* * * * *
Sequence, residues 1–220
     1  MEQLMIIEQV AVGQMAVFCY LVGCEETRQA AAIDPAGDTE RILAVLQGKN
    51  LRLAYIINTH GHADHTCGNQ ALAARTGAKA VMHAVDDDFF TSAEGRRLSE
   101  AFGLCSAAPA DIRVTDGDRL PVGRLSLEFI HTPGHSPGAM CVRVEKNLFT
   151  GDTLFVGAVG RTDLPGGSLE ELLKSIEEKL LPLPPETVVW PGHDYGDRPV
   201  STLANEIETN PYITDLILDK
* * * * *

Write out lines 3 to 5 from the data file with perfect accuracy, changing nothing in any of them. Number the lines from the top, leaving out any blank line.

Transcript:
    51  LRLAYIINTH GHADHTCGNQ ALAARTGAKA VMHAVDDDFF TSAEGRRLSE
   101  AFGLCSAAPA DIRVTDGDRL PVGRLSLEFI HTPGHSPGAM CVRVEKNLFT
   151  GDTLFVGAVG RTDLPGGSLE ELLKSIEEKL LPLPPETVVW PGHDYGDRPV